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dc.contributor.authorModai-Snir, Tal
dc.contributor.authorvan Ham, Maarten
dc.date.accessioned2018-01-19T13:30:07Z
dc.date.available2018-01-19T13:30:07Z
dc.date.issued2018-01-19
dc.identifier.citationModai-Snir , T & van Ham , M 2018 , ' Structural and exchange components in processes of neighbourhood change : a social mobility approach ' , Applied Spatial Analysis and Policy , vol. First Online . https://doi.org/10.1007/s12061-017-9249-zen
dc.identifier.issn1874-463X
dc.identifier.otherPURE: 251797727
dc.identifier.otherPURE UUID: 49e2a24b-e8d3-4912-b84c-629bf193615b
dc.identifier.otherScopus: 85040797423
dc.identifier.otherORCID: /0000-0002-2106-0702/work/64697537
dc.identifier.otherWOS: 000468999100011
dc.identifier.urihttp://hdl.handle.net/10023/12526
dc.descriptionThe research leading to these results has received funding from the European Union’s Horizon 2020 research and innovation programme under the Marie Skłodowska-Curie grant agreement No. 702649; and from the European Research Council under the European Union’s Seventh Framework Programme (FP/20 07 - 2013)/ERC [Grant agreement No. 615159] (ERC Consolidator Grant DEPRIVEDHOODS, Socio-spatial inequality, deprived neighbourhoods, and neighbourhood effects).en
dc.description.abstractNeighbourhood socioeconomic change is a complex phenomenon which is driven by multiple processes. Most research has focused on the role of urban-level processes, which lead to an exchange of relative positions among neighbourhoods of a single metropolitan area. Consequently, the effects of structural processes on neighbourhood socioeconomic change, such as overall income growth or decline, and increasing inequality, have been neglected. This is reflected in the standard methodological practices; the common measures of neighbourhood change exclude the effect of overall growth or decline and confound the effects of urban processes with the effect of increase in inequality. This paper proposes a method that was originally developed for understanding income mobility of individuals, to decompose total neighbourhood socioeconomic change measured in absolute terms into its contributing components. The approach enables to take account of all processes that generate neighbourhood socioeconomic change, while distinguishing between them. The method is demonstrated in an empirical analysis of neighbourhood socioeconomic change across 22 metropolitan areas in the US. The findings indicate that structural processes can be most substantial in generating change. Neighbourhood socioeconomic change in ‘superstar cities’ is mostly generated by the growth in overall incomes, with a relatively low contribution of increasing inequality. Conversely, in declining cities it is mostly driven by overall decline and increasing inequality. An additional finding relates to the interaction between urban processes and increasing inequality. These processes work in opposite directions such that any increase in positions of low-income neighbourhoods can be totally offset by an income decrease due to increasing inequality.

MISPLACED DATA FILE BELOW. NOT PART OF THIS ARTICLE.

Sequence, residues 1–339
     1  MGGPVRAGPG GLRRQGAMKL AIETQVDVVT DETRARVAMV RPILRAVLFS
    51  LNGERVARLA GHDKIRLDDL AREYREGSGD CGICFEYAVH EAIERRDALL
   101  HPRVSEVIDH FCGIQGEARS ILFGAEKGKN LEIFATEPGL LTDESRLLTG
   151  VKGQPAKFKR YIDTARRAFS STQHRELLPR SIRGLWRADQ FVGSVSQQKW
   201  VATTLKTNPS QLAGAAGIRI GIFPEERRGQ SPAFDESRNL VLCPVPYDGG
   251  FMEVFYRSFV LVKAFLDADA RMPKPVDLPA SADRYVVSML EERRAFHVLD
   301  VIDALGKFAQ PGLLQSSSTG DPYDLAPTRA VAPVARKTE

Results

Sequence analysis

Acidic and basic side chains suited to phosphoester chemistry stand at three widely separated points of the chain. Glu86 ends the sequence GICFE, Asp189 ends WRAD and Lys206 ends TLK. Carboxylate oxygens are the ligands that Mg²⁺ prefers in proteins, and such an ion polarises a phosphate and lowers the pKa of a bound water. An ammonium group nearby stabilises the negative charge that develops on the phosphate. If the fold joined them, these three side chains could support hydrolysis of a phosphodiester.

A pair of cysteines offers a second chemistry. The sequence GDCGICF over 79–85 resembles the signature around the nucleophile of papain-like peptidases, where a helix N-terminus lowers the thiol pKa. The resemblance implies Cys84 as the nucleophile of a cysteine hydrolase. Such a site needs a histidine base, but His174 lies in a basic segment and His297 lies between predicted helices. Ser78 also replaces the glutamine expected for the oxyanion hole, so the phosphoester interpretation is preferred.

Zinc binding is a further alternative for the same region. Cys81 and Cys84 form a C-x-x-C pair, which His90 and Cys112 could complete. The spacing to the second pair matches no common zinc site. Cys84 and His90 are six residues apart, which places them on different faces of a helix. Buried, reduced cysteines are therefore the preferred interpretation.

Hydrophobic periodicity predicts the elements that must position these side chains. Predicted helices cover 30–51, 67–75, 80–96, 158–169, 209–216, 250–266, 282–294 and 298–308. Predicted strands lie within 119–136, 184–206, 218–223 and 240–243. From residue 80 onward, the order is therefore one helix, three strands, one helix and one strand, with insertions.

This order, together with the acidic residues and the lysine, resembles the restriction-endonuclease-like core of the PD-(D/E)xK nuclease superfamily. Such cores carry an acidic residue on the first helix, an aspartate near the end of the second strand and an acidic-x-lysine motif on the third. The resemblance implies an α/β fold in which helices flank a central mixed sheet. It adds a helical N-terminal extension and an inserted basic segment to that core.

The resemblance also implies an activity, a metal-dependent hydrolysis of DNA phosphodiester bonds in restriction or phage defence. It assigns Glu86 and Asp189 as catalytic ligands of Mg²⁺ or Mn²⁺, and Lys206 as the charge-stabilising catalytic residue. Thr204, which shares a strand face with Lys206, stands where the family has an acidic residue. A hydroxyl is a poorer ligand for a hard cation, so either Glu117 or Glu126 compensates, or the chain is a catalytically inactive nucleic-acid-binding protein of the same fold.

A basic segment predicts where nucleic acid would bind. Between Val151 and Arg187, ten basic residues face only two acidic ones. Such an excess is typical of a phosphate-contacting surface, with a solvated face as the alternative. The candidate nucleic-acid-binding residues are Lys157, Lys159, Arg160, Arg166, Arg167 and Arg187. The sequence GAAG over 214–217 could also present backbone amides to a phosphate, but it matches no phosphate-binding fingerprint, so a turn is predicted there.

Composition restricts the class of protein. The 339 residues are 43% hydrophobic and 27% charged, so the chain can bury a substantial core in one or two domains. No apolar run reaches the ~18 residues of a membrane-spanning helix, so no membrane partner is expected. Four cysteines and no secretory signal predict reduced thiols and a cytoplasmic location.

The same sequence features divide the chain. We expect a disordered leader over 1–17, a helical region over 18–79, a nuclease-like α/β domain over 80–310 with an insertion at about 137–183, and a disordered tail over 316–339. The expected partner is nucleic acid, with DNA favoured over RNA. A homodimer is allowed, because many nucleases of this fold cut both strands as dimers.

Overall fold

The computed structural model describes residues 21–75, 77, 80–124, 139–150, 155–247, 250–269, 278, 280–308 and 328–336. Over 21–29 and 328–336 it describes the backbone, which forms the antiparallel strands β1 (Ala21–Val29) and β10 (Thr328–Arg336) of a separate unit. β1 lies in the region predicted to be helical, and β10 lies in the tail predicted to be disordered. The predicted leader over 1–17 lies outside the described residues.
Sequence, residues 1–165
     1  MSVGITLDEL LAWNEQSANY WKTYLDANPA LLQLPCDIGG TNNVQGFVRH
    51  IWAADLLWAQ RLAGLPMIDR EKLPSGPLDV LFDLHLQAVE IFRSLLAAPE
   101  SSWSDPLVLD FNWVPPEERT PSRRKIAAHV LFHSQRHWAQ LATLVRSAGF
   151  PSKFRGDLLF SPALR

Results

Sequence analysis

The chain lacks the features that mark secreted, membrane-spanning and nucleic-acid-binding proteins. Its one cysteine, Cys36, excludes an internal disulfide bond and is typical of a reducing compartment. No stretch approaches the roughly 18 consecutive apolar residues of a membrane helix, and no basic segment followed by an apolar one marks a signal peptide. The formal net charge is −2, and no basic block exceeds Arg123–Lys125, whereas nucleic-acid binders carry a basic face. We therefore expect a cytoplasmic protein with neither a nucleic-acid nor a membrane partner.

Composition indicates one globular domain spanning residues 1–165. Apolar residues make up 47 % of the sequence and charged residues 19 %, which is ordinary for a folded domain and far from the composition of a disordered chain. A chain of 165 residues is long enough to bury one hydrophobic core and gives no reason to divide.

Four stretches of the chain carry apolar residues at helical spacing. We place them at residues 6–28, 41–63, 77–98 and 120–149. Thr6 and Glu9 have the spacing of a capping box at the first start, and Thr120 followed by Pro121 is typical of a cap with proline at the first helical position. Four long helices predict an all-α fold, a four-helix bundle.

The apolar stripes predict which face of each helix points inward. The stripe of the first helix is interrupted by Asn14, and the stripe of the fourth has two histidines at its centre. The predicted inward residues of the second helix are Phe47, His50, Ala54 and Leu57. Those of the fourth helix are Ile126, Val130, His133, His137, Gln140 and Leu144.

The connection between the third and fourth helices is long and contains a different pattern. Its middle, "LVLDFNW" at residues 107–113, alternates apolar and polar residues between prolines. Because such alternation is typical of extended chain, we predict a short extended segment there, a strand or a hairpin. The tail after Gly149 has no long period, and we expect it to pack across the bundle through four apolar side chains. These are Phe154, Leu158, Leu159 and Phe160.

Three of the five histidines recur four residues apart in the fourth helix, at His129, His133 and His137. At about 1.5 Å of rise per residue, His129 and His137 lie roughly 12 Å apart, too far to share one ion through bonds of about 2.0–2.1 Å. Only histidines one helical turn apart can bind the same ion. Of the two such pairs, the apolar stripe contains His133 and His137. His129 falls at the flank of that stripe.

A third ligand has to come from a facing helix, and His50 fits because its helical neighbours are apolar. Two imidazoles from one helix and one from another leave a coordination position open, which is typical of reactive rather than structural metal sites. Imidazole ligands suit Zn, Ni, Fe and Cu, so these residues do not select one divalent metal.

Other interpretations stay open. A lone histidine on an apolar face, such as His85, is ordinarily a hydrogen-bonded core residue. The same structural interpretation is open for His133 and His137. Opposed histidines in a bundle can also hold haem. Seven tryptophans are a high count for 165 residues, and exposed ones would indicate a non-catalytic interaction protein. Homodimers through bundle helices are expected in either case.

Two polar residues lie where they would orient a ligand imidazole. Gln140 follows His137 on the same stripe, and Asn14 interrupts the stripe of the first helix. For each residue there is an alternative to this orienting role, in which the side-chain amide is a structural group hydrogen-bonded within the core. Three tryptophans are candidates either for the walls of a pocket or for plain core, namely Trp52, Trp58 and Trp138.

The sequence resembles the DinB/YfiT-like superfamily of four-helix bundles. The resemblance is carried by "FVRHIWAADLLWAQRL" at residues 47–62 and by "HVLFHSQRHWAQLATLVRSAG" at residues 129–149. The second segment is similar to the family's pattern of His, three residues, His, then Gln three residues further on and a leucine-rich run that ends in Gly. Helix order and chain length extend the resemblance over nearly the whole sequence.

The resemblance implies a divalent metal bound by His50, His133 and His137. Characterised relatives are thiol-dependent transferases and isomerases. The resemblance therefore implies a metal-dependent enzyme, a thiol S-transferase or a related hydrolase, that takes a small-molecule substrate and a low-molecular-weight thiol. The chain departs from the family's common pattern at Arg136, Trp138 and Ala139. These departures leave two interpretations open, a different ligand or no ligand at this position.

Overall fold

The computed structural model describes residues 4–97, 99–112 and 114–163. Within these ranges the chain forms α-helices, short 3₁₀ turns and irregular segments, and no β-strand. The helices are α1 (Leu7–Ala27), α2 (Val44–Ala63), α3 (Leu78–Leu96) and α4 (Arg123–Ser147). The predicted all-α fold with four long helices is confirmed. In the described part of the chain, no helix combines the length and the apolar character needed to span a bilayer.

dc.format.extent21
dc.language.isoeng
dc.relation.ispartofApplied Spatial Analysis and Policyen
dc.rights© The Author(s) 2018. Open Access. This article is distributed under the terms of the Creative Commons Attribution 4.0 International License (http://creativecommons.org/licenses/by/4.0/), which permits unrestricted use, distribution, and reproduction in any medium, provided you give appropriate credit to the original author(s) and the source, provide a link to the Creative Commons license, and indicate if changes were made.en
dc.subjectUrban changeen
dc.subjectNeighbourhood changeen
dc.subjectStructural processesen
dc.subjectRelative changeen
dc.subjectAbsolute changeen
dc.subjectInequalityen
dc.subjectGF Human ecology. Anthropogeographyen
dc.subjectHT Communities. Classes. Racesen
dc.subject3rd-DASen
dc.subject.lccGFen
dc.subject.lccHTen
dc.titleStructural and exchange components in processes of neighbourhood change : a social mobility approachen
dc.typeJournal articleen
dc.description.versionPublisher PDFen
dc.contributor.institutionUniversity of St Andrews.School of Geography & Sustainable Developmenten
dc.identifier.doihttps://doi.org/10.1007/s12061-017-9249-z
dc.description.statusPeer revieweden


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